Tuesday, September 25, 2007

The Key to Forgiveness




The Key to Forgiveness


Are you not talking with your parents? Are there people you don’t even like to listen to or read from because they spoke or wrote something you did not like? Do you still hold it against your ex? Are you suing someone for canards they made against you?. Is your cousin or friend who slept with your husband still in your black book? They may be crying “please forgive me”.

To define the verb forgive, we will consider first the types. There are two types of forgiveness: vertical and horizontal. Vertical forgiveness is when God forgives a person and horizontal forgiveness is when an individual forgives another. There must be two people involved for forgiveness to take place. A guilty party and the non-guilty party. God is infallible, that is why only him can forgive humans and human cannot forgive him (Mt 9:6). Contrarily, humans are fallible; one or both could be wrong and they ask for forgiveness. The dichotomy is more explicit in the Old Testament than the New Testament because in the latter, both terms are interchangeably used.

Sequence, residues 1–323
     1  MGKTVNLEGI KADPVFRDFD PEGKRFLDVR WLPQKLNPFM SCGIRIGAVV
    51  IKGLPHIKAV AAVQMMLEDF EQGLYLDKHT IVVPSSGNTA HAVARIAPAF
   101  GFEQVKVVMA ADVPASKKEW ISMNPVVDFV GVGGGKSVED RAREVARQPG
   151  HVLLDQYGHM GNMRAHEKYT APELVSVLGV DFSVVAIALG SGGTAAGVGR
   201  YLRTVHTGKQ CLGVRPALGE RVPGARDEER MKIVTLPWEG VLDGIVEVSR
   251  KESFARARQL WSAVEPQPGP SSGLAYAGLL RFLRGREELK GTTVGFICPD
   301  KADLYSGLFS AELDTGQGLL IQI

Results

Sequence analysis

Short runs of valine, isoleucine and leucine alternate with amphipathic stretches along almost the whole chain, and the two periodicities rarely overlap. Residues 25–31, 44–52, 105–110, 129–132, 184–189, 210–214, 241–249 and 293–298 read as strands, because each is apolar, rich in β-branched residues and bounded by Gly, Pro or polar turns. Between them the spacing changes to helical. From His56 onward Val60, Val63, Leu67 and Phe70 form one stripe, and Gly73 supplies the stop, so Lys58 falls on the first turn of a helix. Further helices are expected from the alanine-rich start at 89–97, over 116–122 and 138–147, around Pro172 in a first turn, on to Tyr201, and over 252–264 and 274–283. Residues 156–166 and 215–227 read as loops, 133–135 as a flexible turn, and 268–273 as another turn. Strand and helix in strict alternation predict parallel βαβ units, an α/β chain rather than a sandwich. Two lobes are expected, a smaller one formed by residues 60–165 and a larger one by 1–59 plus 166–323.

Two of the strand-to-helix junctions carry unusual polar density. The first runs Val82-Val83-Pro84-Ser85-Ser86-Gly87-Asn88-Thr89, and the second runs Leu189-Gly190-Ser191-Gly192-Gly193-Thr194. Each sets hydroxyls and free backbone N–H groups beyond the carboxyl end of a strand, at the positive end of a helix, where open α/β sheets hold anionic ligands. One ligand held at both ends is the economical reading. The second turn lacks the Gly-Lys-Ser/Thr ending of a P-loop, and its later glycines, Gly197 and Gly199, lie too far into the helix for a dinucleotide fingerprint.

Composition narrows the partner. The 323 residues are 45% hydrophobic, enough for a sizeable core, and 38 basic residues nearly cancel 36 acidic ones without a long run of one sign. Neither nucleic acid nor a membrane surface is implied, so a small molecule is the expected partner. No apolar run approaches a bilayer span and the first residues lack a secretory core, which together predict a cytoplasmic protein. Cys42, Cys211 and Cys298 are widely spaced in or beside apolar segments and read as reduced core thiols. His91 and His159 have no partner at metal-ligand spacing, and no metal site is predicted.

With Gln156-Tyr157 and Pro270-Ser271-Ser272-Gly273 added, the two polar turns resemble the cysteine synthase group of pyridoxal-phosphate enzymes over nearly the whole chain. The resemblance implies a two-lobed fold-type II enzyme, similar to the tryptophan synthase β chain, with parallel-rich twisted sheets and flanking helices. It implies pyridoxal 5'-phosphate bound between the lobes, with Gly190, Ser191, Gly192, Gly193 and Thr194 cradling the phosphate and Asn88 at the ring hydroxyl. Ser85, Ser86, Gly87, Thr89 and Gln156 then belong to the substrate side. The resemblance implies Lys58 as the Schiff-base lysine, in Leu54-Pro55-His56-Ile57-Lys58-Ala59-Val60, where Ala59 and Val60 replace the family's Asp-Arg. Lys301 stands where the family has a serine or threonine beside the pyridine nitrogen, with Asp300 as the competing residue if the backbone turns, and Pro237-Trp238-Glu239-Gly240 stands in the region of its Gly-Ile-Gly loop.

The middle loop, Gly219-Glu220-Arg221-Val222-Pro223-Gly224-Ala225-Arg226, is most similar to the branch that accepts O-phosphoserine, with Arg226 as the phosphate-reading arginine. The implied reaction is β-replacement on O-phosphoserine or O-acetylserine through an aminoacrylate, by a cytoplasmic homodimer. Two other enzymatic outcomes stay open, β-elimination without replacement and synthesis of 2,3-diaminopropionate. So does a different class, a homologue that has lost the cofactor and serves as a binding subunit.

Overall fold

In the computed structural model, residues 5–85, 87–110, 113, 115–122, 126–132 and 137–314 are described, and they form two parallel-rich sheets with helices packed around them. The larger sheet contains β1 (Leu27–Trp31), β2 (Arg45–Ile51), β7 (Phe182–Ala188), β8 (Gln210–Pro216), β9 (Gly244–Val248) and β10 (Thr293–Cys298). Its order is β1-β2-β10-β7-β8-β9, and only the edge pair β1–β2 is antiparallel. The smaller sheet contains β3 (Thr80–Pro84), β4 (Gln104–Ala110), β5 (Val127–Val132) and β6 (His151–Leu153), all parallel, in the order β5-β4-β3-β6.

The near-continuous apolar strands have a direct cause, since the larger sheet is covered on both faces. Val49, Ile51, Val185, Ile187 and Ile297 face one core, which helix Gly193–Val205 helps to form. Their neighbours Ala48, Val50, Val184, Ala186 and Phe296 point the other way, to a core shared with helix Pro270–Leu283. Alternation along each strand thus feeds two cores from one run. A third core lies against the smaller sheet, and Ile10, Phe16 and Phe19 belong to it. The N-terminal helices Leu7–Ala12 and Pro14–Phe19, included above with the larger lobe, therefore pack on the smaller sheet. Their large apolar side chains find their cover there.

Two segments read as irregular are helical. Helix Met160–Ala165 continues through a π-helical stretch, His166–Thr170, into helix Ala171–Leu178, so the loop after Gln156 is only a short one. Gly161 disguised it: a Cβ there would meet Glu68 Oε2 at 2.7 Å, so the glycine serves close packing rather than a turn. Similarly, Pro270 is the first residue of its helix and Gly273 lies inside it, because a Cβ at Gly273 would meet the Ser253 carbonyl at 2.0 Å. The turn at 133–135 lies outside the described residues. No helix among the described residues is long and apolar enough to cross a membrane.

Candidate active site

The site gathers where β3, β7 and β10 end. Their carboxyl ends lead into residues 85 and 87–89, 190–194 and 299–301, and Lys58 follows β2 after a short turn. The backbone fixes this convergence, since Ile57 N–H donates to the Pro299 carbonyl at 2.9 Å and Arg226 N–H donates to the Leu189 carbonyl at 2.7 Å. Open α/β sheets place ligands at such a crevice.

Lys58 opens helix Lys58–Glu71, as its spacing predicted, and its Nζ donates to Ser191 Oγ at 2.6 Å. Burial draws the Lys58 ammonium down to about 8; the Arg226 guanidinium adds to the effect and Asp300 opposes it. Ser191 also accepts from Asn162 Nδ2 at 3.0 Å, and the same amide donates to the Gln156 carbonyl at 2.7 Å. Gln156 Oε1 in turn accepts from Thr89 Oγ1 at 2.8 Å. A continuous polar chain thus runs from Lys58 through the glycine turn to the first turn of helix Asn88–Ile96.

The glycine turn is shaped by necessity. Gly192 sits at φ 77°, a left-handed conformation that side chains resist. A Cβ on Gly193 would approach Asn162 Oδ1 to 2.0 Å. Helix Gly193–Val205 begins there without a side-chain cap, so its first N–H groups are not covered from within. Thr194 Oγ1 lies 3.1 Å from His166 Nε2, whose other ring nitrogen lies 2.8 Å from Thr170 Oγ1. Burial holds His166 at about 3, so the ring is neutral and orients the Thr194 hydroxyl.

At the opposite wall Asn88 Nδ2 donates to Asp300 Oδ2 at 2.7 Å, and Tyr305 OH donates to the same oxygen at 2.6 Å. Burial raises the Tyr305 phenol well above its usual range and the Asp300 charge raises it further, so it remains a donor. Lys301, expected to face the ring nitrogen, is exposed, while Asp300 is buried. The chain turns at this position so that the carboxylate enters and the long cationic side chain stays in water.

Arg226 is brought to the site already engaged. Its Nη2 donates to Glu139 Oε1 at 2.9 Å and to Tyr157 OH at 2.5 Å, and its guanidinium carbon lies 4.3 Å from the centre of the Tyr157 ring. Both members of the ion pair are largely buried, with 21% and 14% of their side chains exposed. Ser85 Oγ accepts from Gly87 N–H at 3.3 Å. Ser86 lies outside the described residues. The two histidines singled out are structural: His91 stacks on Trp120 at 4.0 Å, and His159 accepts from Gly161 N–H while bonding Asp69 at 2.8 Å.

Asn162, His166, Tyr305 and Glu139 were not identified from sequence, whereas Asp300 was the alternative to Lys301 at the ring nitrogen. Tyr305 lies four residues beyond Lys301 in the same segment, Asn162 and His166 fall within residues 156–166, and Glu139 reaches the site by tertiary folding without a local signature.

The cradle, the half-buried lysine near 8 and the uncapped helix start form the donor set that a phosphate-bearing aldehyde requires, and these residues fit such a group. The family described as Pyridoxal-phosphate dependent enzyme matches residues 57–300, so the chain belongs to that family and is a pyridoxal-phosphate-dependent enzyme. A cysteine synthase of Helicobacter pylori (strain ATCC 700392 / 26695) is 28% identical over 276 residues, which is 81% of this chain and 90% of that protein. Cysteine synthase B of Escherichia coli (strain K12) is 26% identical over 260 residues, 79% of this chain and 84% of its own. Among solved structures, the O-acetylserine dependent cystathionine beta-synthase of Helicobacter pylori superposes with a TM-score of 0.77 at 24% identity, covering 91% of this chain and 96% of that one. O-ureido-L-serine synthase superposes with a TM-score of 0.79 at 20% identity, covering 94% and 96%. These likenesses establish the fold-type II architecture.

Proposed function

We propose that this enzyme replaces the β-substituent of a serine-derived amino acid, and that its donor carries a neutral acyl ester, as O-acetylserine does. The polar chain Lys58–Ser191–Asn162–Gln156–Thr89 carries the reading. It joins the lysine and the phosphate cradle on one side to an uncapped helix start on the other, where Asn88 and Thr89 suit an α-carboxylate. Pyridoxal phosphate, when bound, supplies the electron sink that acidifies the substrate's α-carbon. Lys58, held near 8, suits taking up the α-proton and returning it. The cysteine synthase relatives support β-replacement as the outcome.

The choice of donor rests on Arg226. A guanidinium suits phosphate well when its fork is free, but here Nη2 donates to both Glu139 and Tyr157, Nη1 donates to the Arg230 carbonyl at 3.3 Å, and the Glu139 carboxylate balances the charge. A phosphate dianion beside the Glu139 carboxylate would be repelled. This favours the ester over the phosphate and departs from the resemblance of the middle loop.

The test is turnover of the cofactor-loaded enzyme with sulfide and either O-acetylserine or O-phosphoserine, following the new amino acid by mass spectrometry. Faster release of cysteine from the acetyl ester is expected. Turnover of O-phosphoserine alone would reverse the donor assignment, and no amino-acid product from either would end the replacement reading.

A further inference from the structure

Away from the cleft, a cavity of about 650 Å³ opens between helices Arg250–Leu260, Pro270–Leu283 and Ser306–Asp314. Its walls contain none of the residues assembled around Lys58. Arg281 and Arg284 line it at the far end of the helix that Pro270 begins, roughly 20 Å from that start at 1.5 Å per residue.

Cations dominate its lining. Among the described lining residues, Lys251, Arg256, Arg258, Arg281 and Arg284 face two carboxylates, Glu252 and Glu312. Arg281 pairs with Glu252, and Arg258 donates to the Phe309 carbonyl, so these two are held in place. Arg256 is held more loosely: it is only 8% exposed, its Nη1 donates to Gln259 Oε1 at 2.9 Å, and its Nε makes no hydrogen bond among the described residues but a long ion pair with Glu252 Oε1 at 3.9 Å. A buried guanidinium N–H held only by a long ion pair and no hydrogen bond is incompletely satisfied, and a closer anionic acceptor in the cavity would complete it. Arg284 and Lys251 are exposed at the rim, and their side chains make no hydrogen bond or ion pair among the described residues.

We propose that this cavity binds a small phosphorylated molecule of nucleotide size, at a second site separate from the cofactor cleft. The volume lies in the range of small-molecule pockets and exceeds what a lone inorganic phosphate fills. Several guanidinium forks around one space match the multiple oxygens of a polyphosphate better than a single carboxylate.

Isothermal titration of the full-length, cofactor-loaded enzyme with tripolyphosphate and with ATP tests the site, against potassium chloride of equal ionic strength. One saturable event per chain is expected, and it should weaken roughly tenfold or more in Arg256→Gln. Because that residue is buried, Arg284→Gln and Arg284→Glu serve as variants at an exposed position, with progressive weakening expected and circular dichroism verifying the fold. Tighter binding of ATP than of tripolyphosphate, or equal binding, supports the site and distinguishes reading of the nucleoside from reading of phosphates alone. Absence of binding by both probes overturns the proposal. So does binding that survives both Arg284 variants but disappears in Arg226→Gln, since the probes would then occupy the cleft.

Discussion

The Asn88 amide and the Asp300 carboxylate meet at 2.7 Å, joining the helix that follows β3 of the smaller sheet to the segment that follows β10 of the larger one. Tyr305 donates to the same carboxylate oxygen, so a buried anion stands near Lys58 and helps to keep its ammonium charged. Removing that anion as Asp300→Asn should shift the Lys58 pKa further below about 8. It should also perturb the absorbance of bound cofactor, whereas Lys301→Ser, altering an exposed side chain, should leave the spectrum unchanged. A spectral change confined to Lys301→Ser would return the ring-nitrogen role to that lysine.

Therefore, vertical forgiveness means God makes atonement, cleans or disannuls our sins (I kings 8:34; Amos 7:2; Dan 9:19; Jer 18:23). While on the other hand, horizontal forgiveness will mean lay aside (Mt 6:15; Lk 6:37), spare (Gen 50:17; Ex 10:17 Ps. 25:18; Is. 2:9) or grant favors (2 Cor 2:7, 10; 12:13).

The above classification and definitions, question immediately the theory of “forgive and forget”. That theory is giving man a capability he does not possess. The human being can only lay aside the faults of other people and then moves forward. He/she cannot clean or wipe it out entirely. God can do that by rolling them down into the bottom of the sea (Micah 7:19; Jer 50:20). Thus, if someone slapped you while you were arguing, though you may forgive them but if you were involved in another argument and they start raising their voice, the previous incident resurfaces. That does not mean you did not forgive them but just that it stays in the spirit of the human being. That is what makes them to learn from their mistakes or past. If that capability was taken away, we will not be able to remember the past or learn from our past experiences.